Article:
The board of directors has fiduciaries duties toward the governance of the company. Boards typically play an advisory role in guiding management in strategy, major business decisions and funding matters. Strategic direction of the company and business plans are discussed and approved by the board. In particular, the chairman of the board is usually very important in moving the company in the right direction for growth and marketing.
For early-stage investments, our timeline for exit is about three to five years. External factors that affect this timeline are the timing of exit opportunities, the experience of the entrepreneur, the support of co-investors and the business environment in general.
In Singapore, financing rounds usually start at the seed stage. Early-stage investing comes when an entrepreneur has done proof of concept and is ready for development. The typical sequence of financing rounds is as follows: early, then A, B and C. Actual exit occurs through trade sales, M&A and IPO on the local or overseas stock exchange.
We invest primarily in early-stage, Singapore-based companies. Exceptions are made when overseas companies have recognized the potential of establishing operations or developing linkages in Singapore in the near- to mid-term. When companies are based overseas, we rely heavily on ourwidespread network of VCs whom we have invested with to conduct the due diligence and provide the intelligence for those markets. Depending on the stage of the company and how we can add value, we sometimes request for representation or observer status on a company's BOD.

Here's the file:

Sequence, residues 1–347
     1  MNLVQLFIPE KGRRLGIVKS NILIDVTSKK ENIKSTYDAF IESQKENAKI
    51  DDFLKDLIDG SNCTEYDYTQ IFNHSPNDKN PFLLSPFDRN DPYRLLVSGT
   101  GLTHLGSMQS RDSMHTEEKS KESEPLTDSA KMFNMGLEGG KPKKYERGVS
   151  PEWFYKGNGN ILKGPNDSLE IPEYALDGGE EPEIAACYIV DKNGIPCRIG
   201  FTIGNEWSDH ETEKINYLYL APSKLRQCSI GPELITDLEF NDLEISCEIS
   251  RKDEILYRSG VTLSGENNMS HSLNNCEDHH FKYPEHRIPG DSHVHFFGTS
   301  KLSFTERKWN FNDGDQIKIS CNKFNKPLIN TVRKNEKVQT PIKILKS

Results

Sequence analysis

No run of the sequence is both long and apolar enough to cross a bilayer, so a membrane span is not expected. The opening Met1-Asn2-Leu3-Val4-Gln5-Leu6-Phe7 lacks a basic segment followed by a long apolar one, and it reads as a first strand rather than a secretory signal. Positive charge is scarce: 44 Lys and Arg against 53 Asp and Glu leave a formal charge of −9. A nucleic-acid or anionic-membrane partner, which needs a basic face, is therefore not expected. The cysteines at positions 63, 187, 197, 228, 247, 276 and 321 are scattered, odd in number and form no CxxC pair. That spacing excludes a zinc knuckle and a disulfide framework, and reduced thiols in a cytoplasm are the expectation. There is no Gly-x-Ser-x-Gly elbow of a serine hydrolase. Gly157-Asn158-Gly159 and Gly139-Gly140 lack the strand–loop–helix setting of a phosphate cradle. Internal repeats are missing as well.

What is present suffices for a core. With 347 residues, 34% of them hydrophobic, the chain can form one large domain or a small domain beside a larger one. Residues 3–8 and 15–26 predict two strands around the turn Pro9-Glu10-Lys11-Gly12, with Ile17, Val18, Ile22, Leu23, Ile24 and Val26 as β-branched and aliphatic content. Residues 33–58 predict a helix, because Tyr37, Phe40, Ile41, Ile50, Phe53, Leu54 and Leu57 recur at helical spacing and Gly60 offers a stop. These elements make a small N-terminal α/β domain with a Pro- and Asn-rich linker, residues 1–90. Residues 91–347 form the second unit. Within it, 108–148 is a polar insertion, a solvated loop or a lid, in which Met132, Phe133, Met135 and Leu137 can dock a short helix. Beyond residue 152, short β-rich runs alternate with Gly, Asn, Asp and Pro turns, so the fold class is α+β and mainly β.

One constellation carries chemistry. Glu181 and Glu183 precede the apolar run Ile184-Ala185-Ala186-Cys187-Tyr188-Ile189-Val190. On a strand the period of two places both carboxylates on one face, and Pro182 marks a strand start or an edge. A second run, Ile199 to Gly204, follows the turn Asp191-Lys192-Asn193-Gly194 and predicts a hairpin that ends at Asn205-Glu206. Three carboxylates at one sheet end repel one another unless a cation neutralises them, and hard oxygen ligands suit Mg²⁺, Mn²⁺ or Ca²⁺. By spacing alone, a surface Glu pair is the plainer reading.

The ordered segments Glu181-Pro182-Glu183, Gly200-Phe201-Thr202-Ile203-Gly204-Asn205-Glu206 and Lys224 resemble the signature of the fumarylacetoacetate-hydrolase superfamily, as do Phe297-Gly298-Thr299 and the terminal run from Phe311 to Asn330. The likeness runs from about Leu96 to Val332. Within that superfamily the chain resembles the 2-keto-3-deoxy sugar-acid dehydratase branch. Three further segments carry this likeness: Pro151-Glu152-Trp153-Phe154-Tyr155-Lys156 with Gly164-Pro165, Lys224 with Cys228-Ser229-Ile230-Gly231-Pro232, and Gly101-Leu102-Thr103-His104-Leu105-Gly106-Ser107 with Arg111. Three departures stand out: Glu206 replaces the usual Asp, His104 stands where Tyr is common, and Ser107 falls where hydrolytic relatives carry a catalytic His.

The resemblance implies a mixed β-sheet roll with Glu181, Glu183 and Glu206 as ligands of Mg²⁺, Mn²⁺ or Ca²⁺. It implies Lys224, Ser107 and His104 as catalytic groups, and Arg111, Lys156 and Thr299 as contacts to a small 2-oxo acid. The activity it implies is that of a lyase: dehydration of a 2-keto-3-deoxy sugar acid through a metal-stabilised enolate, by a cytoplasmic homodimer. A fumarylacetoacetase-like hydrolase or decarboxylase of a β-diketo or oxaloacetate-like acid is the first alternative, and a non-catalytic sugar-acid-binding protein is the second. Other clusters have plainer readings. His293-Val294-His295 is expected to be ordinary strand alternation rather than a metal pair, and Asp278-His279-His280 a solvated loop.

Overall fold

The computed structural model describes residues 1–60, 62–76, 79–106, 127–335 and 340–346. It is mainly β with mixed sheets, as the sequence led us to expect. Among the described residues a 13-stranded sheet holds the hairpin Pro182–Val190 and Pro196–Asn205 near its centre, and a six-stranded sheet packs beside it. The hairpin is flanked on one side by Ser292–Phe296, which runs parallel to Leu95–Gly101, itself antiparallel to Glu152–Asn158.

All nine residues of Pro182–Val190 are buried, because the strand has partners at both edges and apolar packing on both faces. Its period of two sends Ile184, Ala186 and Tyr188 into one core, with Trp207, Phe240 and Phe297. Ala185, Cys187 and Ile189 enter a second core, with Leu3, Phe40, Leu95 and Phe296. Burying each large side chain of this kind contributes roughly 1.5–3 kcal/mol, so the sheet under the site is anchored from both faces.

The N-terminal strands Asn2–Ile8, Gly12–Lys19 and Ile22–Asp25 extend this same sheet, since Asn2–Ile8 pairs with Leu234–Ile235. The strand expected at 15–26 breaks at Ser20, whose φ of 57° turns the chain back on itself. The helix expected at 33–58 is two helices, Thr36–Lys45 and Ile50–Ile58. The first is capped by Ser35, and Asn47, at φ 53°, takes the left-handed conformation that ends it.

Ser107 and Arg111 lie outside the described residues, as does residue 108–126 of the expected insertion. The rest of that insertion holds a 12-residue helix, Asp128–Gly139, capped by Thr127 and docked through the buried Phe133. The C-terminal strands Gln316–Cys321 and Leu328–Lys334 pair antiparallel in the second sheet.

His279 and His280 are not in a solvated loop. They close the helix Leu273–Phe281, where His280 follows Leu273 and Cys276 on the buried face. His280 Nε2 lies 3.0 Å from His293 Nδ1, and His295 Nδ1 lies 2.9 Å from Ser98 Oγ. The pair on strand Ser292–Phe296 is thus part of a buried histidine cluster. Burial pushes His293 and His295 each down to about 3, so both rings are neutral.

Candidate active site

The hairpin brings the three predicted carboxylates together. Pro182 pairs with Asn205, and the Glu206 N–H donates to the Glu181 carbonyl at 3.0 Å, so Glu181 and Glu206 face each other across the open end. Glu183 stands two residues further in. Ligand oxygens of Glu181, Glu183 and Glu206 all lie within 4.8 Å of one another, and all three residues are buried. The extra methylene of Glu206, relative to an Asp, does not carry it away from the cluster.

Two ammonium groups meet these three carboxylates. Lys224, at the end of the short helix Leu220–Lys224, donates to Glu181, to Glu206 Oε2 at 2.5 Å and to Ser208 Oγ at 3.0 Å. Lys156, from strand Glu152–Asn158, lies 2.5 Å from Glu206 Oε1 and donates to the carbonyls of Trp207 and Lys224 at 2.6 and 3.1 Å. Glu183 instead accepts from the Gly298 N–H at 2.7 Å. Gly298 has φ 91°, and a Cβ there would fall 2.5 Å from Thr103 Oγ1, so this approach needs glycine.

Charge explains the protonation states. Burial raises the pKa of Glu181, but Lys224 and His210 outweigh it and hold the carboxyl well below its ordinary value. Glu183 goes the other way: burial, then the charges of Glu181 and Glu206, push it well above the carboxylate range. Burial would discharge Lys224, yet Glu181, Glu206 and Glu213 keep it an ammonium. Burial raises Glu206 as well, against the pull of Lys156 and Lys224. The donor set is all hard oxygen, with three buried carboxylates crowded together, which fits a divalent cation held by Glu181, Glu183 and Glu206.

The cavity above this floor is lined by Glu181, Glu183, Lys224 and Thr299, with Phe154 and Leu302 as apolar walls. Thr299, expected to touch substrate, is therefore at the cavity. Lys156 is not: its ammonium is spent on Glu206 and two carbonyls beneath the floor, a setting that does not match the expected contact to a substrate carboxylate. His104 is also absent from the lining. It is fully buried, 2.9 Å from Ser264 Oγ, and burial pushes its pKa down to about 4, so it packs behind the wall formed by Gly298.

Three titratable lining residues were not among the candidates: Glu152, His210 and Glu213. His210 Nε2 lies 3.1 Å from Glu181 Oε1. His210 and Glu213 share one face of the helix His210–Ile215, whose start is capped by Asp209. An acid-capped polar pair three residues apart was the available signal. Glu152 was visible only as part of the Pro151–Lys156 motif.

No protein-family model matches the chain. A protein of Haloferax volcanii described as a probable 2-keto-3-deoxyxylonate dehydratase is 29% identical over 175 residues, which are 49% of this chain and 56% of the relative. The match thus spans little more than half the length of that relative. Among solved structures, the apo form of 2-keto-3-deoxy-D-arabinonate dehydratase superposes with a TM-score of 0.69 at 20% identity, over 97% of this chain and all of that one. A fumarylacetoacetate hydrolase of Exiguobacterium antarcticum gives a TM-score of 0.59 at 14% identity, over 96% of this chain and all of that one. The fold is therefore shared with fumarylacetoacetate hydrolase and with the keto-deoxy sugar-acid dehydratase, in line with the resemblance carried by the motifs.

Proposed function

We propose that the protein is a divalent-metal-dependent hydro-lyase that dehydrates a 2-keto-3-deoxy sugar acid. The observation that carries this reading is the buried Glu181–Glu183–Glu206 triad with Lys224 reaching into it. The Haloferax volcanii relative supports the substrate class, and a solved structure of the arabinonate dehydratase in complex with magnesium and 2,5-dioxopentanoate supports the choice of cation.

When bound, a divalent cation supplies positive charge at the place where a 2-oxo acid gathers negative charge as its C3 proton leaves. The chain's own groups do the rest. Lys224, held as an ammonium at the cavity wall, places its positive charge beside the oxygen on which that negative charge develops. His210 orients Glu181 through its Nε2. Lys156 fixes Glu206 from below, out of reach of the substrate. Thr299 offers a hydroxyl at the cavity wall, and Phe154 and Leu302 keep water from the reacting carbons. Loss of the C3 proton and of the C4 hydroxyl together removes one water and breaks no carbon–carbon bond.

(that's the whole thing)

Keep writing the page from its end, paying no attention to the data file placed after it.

Over the last few years, we have increasingly seen companies targeting new markets such as China and India, although the United States does remain the ultimate primary market for most startups. We've also seen an increasing role for top-tier fund managers to help their portfolio expand into these new markets. In the next few years, VCs will want to invest in companies based abroad that have synergistic and value-adding characteristics or have first-mover advantage. VCs will start to have a broader geographic view and invest more globally.
We have already started to see an upturn in the VC industry, both in terms of fund managers raising funds and the dollar amounts into investments made. This has followed the improvement in the local public markets, which in turn have trailed the U.S. public markets. Thus, there is a lag effect but clear signs of improvement. We think convergence technologies, digital TV, media and the biotechnology/healthcare sectors will be ripe for investment over the next few years.
To raise capital in the near future, entrepreneurs will need to balance their presentations and business plans toward financial investors instead of merely focusing on the innovation and technology. Meanwhile, local VCs will need to form meaningful syndicates with overseas firms that can help them move beyond the local markets.
Key Pieces of Advice
We think the best piece of advice for VCs doing business in our country is to focus on management, management and management. An important piece of advice for entrepreneurs is to be realistic about valuations. For management teams, they need to keep abreast of their industry and be ready to react to changes. Watch their cash flow and burn rate, know their competitors and be sure to work with partners and sell, sell sell. Startups need to understand that the world is not going to come to their doorstep for their product but to bring their companies to the top, they need to be out there selling their company and products.
In all, there are three keys to successful venture capital deals in Singapore: good management with operational experience, board members and shareholders that work well together and the right timing.
Jimmy Hsu, CEO